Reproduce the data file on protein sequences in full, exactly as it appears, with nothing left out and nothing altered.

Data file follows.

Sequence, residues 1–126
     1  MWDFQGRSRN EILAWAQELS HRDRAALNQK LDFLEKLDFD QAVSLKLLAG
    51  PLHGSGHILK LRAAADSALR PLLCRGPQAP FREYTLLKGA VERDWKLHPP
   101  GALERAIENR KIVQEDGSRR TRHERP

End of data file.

Sequence, residues 1–126
     1  MWDFQGRSRN EILAWAQELS HRDRAALNQK LDFLEKLDFD QAVSLKLLAG
    51  PLHGSGHILK LRAAADSALR PLLCRGPQAP FREYTLLKGA VERDWKLHPP
   101  GALERAIENR KIVQEDGSRR TRHERP